2.3. Calculations

2.3.1. Calculation of the Flow-Volume through the Devices

The flow-volumes through the devices were calculated using the following equation. Operated average flow rates were calculated by dividing the sampling volume by sampling duration.
V = a b D 2 4 π
volume passed through the net,
net mouth or tube diameter (for BS-PN: D = 24 cm, AM-5: D = 22 cm and for AM-6: D = 18 cm),
flow counter reading,
conversion coefficient (manufacturers value for the corresponding impellers; in this case for the impellers used for BS-PN, AM-5, and AM-6: b = 5.12),
= 3.14.

2.3.2. Microplastic Particle Size Distribution

Microplastic particle size (Feret’s diameters) distribution studies were conducted at 95 sampling locations using AM-6(300). The particle sizes considered for this study were ranged from 0.3 to 5 mm. Particle sizes were divided into size classes with 100 µm class intervals. Relative frequency of each size class was calculated according to the Equation (2). The total number of microplastic particles (N) considered in this study was 1811.
f x = n x N
relative frequency of microplastic particles in size class x
number of microplastic particles in size class x
total number of microplastic particles
For the comparison between riverine and coastal particle size distributions, the particles were divided into two data sets. The riverine data set included 817 particles (Nr = 817), and the coastal data set included 994 particles (Nc = 994). The calculations of relative frequencies of microplastic particles in each data set were done with the modified Equation (2) (Supplementary Material Equations (S1) and (S2)).

2.4. Statistical Analyses

Statistical analyses were performed with SPSS (IBM SPSS Statistics, IBM Corp., Endicott, NY, US). A one-way ANOVA test was performed to compare the measured concentrations with different sampling devices. The significant difference between the measured riverine microplastic particle sizes and coastal microplastic particle sizes was tested using independent samples t-test. The t value calculation is given in Equation (3).
t = M r M c s r 2 N r + s c 2 N c
the ratio of the departure of the estimated value of mean particle size from its hypothesized value to its standard error
mean particle size of riverine microplastic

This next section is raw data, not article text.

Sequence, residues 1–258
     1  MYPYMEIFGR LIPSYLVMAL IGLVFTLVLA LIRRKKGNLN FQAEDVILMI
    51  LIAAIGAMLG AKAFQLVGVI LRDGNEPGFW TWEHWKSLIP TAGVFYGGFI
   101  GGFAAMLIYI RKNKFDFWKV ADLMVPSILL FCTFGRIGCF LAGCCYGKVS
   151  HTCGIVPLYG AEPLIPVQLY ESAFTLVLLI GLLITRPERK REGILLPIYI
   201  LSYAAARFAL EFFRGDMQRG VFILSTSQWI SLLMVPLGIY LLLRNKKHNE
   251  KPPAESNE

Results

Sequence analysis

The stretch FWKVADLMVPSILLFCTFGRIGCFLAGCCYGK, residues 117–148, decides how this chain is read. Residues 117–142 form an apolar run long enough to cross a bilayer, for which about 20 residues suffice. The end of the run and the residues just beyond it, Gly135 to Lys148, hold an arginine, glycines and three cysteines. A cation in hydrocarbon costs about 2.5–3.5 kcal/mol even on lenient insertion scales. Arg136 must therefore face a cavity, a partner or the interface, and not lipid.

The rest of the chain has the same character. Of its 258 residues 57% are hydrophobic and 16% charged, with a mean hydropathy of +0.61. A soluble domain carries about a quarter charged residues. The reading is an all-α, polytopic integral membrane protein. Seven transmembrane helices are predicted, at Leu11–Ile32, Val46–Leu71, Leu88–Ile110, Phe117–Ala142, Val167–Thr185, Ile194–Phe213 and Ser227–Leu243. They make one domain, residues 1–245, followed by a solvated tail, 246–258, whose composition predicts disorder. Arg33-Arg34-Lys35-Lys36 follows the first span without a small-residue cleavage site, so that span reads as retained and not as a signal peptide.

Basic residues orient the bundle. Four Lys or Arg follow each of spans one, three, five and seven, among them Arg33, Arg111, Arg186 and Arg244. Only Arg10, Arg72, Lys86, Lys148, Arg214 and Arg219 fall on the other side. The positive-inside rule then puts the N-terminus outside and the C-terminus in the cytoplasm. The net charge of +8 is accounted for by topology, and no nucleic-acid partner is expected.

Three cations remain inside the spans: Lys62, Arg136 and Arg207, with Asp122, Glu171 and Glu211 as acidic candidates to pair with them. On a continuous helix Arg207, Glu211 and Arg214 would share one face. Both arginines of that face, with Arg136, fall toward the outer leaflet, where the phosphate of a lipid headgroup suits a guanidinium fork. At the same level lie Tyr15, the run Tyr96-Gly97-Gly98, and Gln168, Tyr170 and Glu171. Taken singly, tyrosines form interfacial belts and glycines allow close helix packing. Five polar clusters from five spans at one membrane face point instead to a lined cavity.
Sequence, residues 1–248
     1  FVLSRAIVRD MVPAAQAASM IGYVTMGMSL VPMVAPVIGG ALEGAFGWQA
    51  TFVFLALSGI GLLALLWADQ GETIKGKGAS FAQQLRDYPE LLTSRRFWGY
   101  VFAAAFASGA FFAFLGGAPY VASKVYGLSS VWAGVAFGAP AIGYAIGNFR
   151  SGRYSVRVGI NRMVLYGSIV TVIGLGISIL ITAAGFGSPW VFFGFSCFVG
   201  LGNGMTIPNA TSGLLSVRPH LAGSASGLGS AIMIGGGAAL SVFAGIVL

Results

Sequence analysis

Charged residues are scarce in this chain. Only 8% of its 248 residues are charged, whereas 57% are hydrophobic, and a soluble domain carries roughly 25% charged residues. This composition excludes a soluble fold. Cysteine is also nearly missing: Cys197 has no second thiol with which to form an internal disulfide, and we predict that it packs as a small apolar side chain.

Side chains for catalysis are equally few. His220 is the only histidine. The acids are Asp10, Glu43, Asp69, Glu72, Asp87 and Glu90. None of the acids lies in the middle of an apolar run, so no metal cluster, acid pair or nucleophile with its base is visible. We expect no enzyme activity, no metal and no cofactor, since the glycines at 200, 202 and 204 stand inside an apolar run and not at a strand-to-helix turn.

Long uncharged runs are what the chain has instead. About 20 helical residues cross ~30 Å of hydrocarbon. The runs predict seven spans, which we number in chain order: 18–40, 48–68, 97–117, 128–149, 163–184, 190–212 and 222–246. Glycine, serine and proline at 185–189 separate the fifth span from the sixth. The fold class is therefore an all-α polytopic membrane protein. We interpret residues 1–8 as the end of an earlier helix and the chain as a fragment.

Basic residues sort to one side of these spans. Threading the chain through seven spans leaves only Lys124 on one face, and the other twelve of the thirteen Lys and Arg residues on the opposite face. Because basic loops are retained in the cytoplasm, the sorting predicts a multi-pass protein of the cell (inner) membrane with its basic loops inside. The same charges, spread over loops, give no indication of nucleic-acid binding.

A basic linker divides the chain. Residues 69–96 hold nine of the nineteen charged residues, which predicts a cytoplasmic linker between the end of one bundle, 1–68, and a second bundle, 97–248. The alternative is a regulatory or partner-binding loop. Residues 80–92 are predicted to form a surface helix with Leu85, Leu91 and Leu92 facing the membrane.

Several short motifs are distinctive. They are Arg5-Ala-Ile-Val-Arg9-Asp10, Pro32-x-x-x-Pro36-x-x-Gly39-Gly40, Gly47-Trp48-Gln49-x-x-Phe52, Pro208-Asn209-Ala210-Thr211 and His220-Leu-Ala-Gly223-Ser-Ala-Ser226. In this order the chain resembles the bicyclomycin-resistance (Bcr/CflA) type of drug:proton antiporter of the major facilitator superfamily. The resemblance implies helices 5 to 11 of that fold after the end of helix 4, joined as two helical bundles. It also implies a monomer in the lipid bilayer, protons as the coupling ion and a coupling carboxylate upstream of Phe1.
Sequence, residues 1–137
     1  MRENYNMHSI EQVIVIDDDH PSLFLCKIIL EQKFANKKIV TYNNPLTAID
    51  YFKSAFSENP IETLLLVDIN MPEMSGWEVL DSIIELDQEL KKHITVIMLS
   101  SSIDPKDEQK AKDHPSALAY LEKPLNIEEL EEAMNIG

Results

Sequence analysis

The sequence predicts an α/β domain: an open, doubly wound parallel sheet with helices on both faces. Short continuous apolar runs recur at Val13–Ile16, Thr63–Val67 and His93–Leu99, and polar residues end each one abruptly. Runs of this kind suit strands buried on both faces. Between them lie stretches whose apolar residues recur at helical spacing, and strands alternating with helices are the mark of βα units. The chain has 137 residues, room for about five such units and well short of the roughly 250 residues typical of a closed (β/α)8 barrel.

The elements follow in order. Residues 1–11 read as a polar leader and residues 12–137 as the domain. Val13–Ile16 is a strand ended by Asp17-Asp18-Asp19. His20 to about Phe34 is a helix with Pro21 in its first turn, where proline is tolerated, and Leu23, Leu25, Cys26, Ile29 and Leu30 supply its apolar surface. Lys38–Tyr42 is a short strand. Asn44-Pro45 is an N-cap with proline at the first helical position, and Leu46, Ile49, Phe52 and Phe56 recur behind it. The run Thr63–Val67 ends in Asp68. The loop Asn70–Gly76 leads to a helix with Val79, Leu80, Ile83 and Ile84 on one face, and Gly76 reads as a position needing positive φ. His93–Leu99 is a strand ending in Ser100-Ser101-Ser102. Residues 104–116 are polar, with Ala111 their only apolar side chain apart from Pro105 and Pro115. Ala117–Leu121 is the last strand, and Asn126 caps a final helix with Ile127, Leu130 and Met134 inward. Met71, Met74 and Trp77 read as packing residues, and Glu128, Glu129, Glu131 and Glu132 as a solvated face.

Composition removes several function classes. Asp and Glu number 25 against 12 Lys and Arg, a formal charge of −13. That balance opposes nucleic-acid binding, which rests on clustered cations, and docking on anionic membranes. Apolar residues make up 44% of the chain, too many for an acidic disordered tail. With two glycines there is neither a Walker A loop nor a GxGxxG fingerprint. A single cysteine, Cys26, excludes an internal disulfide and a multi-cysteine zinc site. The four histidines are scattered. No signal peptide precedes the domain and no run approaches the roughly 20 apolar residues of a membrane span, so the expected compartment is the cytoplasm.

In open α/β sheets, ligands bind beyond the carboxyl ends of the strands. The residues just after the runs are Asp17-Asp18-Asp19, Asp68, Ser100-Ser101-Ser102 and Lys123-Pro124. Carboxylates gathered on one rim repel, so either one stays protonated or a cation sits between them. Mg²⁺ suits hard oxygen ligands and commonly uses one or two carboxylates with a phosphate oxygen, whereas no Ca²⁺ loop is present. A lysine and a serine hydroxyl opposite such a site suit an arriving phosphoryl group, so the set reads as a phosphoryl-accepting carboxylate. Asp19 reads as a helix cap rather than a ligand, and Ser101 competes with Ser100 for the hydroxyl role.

mean particle size of coastal microplastic
standard deviation for riverine microplastics
standard deviation for coastal microplastics
total number of riverine microplastic particles
total number of coastal microplastic particles

3. Results

3.1. Operational Conditions of the Sampling Devices

Table 1 compares the operated flowrate range, sampling duration, human resource requirement, and filtrate volume measuring accuracy of the three devices. Both AM-5 and AM-6 were operated for approximately 3 min during the comparison period. Based on the water quality, the net clogging rate varied. The operated filtration rate found for AM-5 and AM-6 was between 2.5 and 7.0 m3/min. Operation at this flowrate for 3 min filtered water volumes ranged from 7.5 to 21 m3. However, during AM-5 and AM-6 development stages, the devices were operated at variable durations to observe the suitable operating conditions. The operation of shorter to longer durations than 3 min (2 min to 8 min) was possible with both devices. Yet, when the duration became longer, net clogging occurred, and the effective filtration through the net decreased. In the field conditions, for multiple samplings, battery power and time were also limiting factors. With battery power discharge, after several samplings, the pump speed decreased. The operation was limited to five samplings (with 3 min sampling duration) for one fully charged battery.
The BS-PN sampling duration depended on the flowrate of the river. With a higher river flow velocity, shorter durations were required to filter a substantial volume. The river flow velocities of the 11 sampling locations of the comparative study varied from 0.25 to 1.5 m/s. However, due to the resistance to water flow through the plankton net, the flow through velocity was typically six times lower than the river flow velocity for the 300 µm mesh size [25]. Hence, filtering approximately 10 m3 of water through the BS-PN took 10 to 60 min. With a 100 µm mesh size, the time period increased due to increasing resistance to the flow through the smaller openings of the mesh.

3.2. Microplastic Concentrations Measured with Different Sampling Devices

Microplastic concentrations measured at 11 different sampling locations for comparison of the three sampling devices are presented in Figure 3. Concentrations of the 100 µm mesh samples were calculated using only the particle sizes greater than 300 µm for comparison with 300 µm mesh samples. The mean concentration values for all six methods were in the same range (minimum 1.62 and maximum 1.85 pieces/m3). ANOVA results indicated no significant difference of measured concentrations with different devices (Supplementary Material Figure S10 provides the ANOVA test output). Yet, there was a slight reduction of the mean values from 100 µm mesh to 300 µm mesh for AM-5 and AM-6. Those differences were 0.04 and 0.03 pieces/m3 for AM-6 and AM-5, respectively. Yet, for BS-PN, the mean value was reduced by 0.03 pieces/m3. From AM-5 to AM-6, the mean concentrations increased by 0.07 and 0.06 pieces/m3 for the 100 µm and the 300 µm mesh sizes. From the BS-PN to AM-6 devices, the mean values increased by 0.23 and 0.16 pieces/m3 for the 100 µm and the 300 µm mesh openings, respectively (12.8% and 9% increments, respectively).

3.3. Microplastic Particle Size Distributions for the Sampling in Japanese Riverine and Coastal Environments Using AM-6(300)